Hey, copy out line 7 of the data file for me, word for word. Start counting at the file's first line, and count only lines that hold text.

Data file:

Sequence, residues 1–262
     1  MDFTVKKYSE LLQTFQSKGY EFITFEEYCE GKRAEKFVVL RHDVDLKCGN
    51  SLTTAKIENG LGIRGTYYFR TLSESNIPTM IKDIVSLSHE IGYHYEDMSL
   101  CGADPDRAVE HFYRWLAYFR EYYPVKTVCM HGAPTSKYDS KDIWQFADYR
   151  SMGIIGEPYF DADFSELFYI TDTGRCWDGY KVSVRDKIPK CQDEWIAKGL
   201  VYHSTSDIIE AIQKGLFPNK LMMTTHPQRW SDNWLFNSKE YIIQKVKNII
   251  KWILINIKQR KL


   251  KWILINIKQR KL